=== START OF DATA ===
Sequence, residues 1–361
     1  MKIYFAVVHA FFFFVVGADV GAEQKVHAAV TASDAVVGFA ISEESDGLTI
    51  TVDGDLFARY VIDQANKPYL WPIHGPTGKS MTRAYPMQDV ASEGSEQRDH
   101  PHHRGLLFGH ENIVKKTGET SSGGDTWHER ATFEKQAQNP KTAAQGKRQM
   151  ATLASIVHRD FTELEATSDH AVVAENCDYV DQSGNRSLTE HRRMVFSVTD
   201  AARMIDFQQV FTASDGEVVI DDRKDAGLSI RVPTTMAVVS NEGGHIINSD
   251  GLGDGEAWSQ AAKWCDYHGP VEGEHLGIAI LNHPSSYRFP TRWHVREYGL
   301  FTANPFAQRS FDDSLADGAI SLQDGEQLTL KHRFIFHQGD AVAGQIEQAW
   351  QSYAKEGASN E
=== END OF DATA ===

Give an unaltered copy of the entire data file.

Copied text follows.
Sequence, residues 1–361
     1  MKIYFAVVHA FFFFVVGADV GAEQKVHAAV TASDAVVGFA ISEESDGLTI
    51  TVDGDLFARY VIDQANKPYL WPIHGPTGKS MTRAYPMQDV ASEGSEQRDH
   101  PHHRGLLFGH ENIVKKTGET SSGGDTWHER ATFEKQAQNP KTAAQGKRQM
   151  ATLASIVHRD FTELEATSDH AVVAENCDYV DQSGNRSLTE HRRMVFSVTD
   201  AARMIDFQQV FTASDGEVVI DDRKDAGLSI RVPTTMAVVS NEGGHIINSD
   251  GLGDGEAWSQ AAKWCDYHGP VEGEHLGIAI LNHPSSYRFP TRWHVREYGL
   301  FTANPFAQRS FDDSLADGAI SLQDGEQLTL KHRFIFHQGD AVAGQIEQAW
   351  QSYAKEGASN E